A variety of methods for increasing adherence to guidelines have been initiated. These methods use 3 different approaches. The first approach has been to increase the reporting of data. The Centers for Medicare and Medicaid Services began publically reporting data on guideline adherence in 2004. The second approach has been to provide hospitals and physicians with the tools and infrastructure that are necessary to improve guideline adherence. Programs such as the ACC GAP program7 and the AHA GWTG program9 are examples of quality improvement programs that are designed to improve guideline adherence through tools and system redesign strategies. The third approach is to provide incentives to improve guideline adherence. Therefore, a hospital's financial success may be dependent on improved guideline adherence. Lindenauer et al13 showed that financial incentives in a Medicare “pay-for-performance” demonstration project can increase guideline adherence.
In the present study, a number of hospital characteristics were associated with improved adherence to published guidelines. Centers with higher volume of AMI, academic medical centers, and centers in the northeastern United States all demonstrated a significantly higher adherence. These findings are consistent with those of Bradley et al,14 who also demonstrated that higher-volume centers adhere better to the AMI guidelines.
However, because there are many factors that play a role in treating patients with AMI, it would be inaccurate to imply that volume alone leads to better adherence. In fact, the findings of our study are consistent with those of other studies that demonstrated that variables such as teaching status and region (Northeast) can predict higher guideline adherence.6,14 This variation emphasizes the complexity and team approach to AMI care. The complexity of guideline adherence was emphasized in a study by Pearson et al15 that showed that 95% of physicians questioned knew the National Cholesterol Education Program guidelines; however, only 18% of high-risk patients were treated according to the guidelines. Excellent guideline adherence requires a systematic, coordinated program involving the entire medical team using tools such as care pathways and preprinted order sets.
Our study suggests that the GWTG-CAD program was able to encompass all these needs and was associated with improved guideline adherence. It is one of the first studies to demonstrate that a quality improvement program is independently associated with increased adherence using an external, concurrent national database. The small absolute differences in quality observed in this study may be attributable to many factors. National adherence to quality measures is increasing owing to public reporting, pay-for-performance projects, and participation in other quality improvement programs. As certain measures were at levels above 90% in HC, a “ceiling effect” may exist, making further improvements in adherence more difficult. It is possible that a study limited to poor-performing hospitals would show much more dramatic improvements. Although the improvements in adherence observed in our study were small in absolute terms, with more than 1 million patients hospitalized with AMI each year, these differences in performance would still translate to tens of thousands of more patients treated with recommended therapies each year if all US hospitals provided the same level of performance as those of GWTG-CAD hospitals.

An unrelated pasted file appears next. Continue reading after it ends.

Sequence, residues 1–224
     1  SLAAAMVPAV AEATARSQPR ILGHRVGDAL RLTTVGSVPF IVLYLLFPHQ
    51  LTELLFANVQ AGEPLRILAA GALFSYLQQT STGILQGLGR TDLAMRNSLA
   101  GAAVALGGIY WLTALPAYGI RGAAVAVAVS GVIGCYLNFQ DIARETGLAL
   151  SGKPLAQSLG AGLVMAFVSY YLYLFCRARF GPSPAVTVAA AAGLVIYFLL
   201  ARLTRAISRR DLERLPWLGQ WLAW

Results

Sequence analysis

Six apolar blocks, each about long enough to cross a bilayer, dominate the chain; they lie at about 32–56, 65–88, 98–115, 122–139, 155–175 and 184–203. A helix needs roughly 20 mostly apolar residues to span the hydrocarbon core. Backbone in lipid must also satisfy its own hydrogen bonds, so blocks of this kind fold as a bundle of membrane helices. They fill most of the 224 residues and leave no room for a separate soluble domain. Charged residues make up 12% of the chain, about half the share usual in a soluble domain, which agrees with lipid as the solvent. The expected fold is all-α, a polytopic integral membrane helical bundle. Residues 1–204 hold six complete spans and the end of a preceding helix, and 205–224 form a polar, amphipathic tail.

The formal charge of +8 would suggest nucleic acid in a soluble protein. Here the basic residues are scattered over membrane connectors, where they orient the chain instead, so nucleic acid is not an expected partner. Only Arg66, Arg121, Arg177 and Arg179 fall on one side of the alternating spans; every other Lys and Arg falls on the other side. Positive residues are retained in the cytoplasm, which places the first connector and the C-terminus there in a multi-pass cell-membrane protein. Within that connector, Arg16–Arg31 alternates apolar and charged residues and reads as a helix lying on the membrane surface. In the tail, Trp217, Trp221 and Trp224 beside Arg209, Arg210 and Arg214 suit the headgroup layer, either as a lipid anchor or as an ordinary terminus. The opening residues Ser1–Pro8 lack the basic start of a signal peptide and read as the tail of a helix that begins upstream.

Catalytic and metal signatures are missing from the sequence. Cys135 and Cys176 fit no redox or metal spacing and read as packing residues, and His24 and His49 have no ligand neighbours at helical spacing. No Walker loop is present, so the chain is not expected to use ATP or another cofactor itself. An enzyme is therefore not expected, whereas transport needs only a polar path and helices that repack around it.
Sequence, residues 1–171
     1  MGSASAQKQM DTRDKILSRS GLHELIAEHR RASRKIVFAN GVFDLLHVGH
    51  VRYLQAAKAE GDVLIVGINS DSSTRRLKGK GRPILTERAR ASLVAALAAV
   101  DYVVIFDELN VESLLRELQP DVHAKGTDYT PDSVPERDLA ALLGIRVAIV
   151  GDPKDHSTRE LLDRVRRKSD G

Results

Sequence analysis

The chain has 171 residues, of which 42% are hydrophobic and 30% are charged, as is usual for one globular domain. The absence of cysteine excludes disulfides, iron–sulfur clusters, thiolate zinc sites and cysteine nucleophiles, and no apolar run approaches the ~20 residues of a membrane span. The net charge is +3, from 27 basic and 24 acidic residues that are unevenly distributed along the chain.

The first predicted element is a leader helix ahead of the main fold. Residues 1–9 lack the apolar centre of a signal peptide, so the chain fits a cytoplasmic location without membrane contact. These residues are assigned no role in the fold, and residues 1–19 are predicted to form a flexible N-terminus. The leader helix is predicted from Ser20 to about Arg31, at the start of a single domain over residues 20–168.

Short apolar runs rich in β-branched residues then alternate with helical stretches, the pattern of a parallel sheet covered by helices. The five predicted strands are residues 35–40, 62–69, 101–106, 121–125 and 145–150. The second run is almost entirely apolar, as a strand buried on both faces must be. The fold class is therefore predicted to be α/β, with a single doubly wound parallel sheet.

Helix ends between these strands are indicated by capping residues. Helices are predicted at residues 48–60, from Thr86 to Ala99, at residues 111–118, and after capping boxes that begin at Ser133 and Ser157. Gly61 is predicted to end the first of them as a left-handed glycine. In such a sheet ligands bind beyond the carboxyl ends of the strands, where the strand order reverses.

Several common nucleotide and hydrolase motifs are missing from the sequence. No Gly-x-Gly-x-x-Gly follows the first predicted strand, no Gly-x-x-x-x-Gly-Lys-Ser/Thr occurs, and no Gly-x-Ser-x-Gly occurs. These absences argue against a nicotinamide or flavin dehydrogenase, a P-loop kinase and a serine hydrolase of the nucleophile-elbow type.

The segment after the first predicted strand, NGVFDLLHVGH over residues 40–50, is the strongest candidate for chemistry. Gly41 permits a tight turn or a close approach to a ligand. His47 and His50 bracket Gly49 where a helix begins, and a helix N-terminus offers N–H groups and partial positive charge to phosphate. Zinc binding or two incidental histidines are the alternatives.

LaBresh et al8 demonstrated that the GWTG-CAD program was associated with increased adherence to smoking cessation counseling, lipid treatment, and β-blocker, aspirin, and ACE inhibitor therapy as well as cardiac rehabilitation enrollment. The GWTG-CAD program uses an infrastructure of data collection and rapid improvement cycles. Therefore, data and individual hospital improvement systems are revised periodically using a “plan, do, study, act” approach, as described by Deming.16
Similar quality improvement programs have demonstrated improved guideline adherence over time on a smaller scale. The Cardiac Hospitalization Arteriosclerosis Management Program of UCLA Medical Center, Los Angeles, California, reported increased adherence in aspirin, β-blocker, ACE inhibitor, and statin treatment adherence when the preimplementation (1992-1993) and the postimplementation (1994-1995) years were compared.17 Similarly, the ACC GAP program showed improvement in aspirin and ACE inhibitor use on discharge and in tobacco cessation counseling.7 Both of these programs were limited to a small number of hospitals. The present study has demonstrated that a quality improvement program can be successfully implemented in a large number of hospitals on a national basis.
Guidelines are based on therapies that have been proved to reduce mortality. The present study did not evaluate whether improvement in guideline adherence was associated with improved mortality, as previous studies have already demonstrated this association. The Cardiac Hospitalization Arteriosclerosis Management Program was associated with improved reinfarction rates and a 2.7% reduction in 1-year mortality.17 In multivariate analysis, the GAP program was associated with a 26% reduction in 30-day mortality and a 22% reduction in 1-year mortality.18 Further study is necessary to determine if the GWTG-CAD program results in improved outcomes.
Despite the increase in technology and treatments that are available to patients, cardiovascular disease remains the leading cause of death in the United States. The AHA has set a goal to reduce death due to cardiovascular disease by 25% by 2010.1 Adherence to evidence-based guidelines remains a critical component in achieving this goal. In fact, the AHA/ACC guidelines for secondary prevention in patients with CAD recommends participation in a quality improvement program, such as GAP or GWTG.3